In the last blog, Part 2. TOGAF and Architecture Roadmaps, we put forward a standard for a Consolidated Architecture Roadmap. Now, we need to begin to describe each layer of the Consolidate Architecture Roadmap. We will go from top to bottom; the most logical layer to go first is the one that drives scoping or strategic planning. The main question to answer is, “What are the competencies that must be in place to meet or exceed the company’s business objectives?” Once this simple question is answered, it drives the rest of the Consolidated Architecture Roadmap.
The main question to answer for the Business Operating Model layer is, “What are the competencies that must be in place to meet or exceed the company’s business objectives?” Once this simple question is answered, it drives the rest of the Consolidated Architecture Roadmap. It is a simple question, but it is currently difficult to find what do we mean by a competency and how do we describe this layer and roll it up to our Consolidated Architecture Roadmap.
Starting with Competencies in your Consolidated Architecture Roadmap
“What are the competencies that must be in place to meet or exceed the company’s business objectives?” is a simple question, yet to answer it in a systematic process requires pragmatic standards to be in place at your company. First, what is a competency? That is a separate blog for just that. Basically, a competency is something that your company does where you merge repeatable business requirements aka “capabilities” to the assets required to perform it. As an example used by one of my favorite companies, a competency may be something like “chicken disassembly” (apologies to you vegetarians); this competency is based on a manufacturing business requirement to be in the poultry processing business that uses specific assets like people, machines, and technology. How do you know which competencies to include in your Business Operating Model and, eventually, your Consolidated Architecture Roadmap, and how do you organize your competencies? The following figure show and expanded view the first layer for the Business Operating Model, plus the other layers of the Consolidated Architecture Roadmap.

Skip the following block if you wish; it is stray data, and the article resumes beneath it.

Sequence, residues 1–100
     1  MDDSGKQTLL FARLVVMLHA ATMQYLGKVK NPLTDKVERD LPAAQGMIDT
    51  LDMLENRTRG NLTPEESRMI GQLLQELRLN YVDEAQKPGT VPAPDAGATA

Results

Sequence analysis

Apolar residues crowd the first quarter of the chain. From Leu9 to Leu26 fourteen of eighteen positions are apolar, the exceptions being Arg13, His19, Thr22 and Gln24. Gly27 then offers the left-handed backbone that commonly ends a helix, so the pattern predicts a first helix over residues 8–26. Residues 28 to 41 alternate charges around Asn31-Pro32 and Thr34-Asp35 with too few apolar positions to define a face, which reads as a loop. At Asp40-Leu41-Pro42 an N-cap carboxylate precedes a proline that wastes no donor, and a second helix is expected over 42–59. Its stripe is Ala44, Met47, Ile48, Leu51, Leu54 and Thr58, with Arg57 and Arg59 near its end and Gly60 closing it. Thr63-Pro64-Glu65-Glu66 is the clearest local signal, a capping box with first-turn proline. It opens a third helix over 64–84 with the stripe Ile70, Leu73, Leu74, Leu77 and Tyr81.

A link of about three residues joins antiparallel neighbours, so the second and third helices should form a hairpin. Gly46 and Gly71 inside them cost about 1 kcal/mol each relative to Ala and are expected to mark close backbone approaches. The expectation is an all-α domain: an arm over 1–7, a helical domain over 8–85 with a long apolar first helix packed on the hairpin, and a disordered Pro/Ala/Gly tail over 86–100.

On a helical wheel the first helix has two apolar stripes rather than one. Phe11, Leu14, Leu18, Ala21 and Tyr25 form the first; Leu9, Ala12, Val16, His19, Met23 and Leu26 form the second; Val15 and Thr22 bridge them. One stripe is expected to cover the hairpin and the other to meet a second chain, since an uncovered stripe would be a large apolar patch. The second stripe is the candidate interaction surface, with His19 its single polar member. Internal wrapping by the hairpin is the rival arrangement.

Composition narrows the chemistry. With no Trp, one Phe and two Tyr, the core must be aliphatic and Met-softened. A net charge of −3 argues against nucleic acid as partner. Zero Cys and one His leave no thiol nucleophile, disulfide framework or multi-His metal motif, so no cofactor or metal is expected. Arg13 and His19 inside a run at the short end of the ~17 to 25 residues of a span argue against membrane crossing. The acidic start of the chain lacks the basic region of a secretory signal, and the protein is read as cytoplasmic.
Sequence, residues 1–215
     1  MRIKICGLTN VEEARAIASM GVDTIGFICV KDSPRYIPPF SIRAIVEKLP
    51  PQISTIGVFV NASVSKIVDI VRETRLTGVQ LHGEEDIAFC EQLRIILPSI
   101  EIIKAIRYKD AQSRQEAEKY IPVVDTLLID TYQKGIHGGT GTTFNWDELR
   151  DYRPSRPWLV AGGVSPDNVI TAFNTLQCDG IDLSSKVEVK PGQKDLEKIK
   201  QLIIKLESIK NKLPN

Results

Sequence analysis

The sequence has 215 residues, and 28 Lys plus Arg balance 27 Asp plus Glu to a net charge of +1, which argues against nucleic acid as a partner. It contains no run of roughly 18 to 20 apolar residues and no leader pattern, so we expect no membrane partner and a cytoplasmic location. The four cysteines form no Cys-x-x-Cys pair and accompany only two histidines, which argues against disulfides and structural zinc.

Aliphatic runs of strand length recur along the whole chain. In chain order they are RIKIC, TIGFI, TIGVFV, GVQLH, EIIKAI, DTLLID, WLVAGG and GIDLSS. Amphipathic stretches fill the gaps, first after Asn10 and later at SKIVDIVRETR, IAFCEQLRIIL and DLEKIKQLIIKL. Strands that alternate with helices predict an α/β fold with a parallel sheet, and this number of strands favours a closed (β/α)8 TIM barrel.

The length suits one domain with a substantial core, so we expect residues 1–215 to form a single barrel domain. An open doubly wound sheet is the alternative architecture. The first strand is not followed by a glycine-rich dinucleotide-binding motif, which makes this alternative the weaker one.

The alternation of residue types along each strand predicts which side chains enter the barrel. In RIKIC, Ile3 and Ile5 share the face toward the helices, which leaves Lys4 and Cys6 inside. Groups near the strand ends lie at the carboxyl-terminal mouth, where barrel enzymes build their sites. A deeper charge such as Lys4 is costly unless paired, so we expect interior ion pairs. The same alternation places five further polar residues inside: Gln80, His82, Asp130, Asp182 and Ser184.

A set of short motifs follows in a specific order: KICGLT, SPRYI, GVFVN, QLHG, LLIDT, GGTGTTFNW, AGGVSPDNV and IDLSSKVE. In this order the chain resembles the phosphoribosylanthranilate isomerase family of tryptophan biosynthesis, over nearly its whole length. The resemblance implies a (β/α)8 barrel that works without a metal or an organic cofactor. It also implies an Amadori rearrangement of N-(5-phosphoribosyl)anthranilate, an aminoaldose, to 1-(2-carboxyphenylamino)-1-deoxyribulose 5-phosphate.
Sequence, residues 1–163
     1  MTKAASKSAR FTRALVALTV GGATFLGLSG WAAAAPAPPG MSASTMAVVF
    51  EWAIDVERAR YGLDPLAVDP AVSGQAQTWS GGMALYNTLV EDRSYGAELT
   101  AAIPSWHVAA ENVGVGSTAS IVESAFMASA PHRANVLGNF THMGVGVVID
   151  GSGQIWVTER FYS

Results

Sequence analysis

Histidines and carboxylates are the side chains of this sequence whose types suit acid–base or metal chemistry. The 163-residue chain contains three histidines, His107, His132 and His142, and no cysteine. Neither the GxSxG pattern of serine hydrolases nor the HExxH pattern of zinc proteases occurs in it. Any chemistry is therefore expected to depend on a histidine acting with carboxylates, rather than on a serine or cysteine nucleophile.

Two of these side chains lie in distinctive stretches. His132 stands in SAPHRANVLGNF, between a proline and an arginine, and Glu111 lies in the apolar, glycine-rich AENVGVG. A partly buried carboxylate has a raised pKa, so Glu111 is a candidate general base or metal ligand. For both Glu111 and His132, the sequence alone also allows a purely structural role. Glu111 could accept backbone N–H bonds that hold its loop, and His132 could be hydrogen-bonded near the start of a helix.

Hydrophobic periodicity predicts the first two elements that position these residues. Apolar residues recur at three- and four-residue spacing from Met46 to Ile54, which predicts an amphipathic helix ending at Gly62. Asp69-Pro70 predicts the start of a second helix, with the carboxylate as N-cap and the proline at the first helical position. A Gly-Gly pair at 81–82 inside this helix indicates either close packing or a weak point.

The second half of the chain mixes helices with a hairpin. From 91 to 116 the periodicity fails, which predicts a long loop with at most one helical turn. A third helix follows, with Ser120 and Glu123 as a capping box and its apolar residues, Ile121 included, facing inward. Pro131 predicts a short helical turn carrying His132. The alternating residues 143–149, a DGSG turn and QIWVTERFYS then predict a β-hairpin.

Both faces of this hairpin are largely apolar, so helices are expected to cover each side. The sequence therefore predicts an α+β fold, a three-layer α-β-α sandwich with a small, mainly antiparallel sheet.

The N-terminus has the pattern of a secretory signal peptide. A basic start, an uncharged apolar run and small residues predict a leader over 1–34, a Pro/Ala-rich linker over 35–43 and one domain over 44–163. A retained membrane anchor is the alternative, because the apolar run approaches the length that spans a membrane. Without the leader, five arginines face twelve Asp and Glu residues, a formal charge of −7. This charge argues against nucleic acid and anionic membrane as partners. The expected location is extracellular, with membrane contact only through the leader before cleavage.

Organizing the Competencies: Competency Map
Within the Business Operating Model, you need structure in order to manage the competencies in your company. The following is a map, called a Competency Map. There are many variants that exist in industry, such as the SAP Solution Composer Application Map, IBM Component Business Model, and the Competency Map, referenced by the Open Group TOGAF framework. The Competency Map is decomposed from the most coarse granular to fine granular:
- Business Model Categories – 8 Columns in the example below that would typically correspond to a domain
- Business Model Competency Group – Individual blocks or logical groups of competencies, such as Facility Management
- Business Model Competency – An individual competency combining one or more capabilities (aka “reusable business requirements”) with the assets deployed to realize those capabilities. Remember our “carnivorous example” above.
- Business Model Competency Element – If required, an additional decomposed level for a competency.
A growing practice is to relate the competency decomposition to the process decomposition. We will cover that in Part 4 of the Business Process Layer of the Consolidated Architecture Roadmap.
Finding Value Opportunities as a Paradigm for Deriving Competencies
Next, you need a logical paradigm for determining the competencies that you should focus or the ones that should create or preserve value in your organization. Value is another word that we use, without precision of what is means to us in business. Value is the ratio of “utility” relative to the cost to achieve that level of utility. Utility in a business context is a judgment of:
- capabilities – ability to effectively satisfy capabilities or recurring company business requirements
- differentiation – ability to attain additional margin
- competitive – ability to maintain a competitive position or maintain margin over time
- health – ability to maintain health of basic competencies to keep the company operating, usually a measure of efficiency
You need a process to find value opportunities. You may use the following:
- Company Business Strategy
- Industry Trends
- Technology Trends
Additionally, you may use the SAP Value Engineering VLM (Value Lifecycle Management) tool. The following diagram shows possible criteria for evaluating the value opportunities to determine the competencies to focus for the Business Operating Model.
Summary of Business Operating Model Layer
- Start with Business Modeling to build a Consolidated Architecture Roadmap
- Focus on Prioritizing Competencies and Capabilities where there is value
- Incorporate Capabilities into the first layer of the Consolidated Architecture Roadmap
- Use the Capabilities and results of Architecture Vision Phase of ADM to build the Business Architecture
- A Business example is overdue
Next time, in Part 3b, we will go over a generic version of a real business example starting with a capability map and then applying a simple paradigm to derive the value opportunities and the competencies that should be in scope for your Consolidated Architecture Roadmap. Stay with me, we will need to dive into details and then come back out, always coming back to our ultimate objective of having a pragmatic, Consolidated Architecture Roadmap.
This blog is based on the ASUG Enterprise Architecture Roadmap Days. Be sure to attend one of the events coming to a city near you. The next even is in Atlanta on November 4th.
Also, there is a Roadmap Preconference Session at TechEd 2010 in Las Vegas. You will meet with more of the though leaders who have developed the SAP product roadmaps and meet with your colleagues who are developing best in class company architecture roadmaps.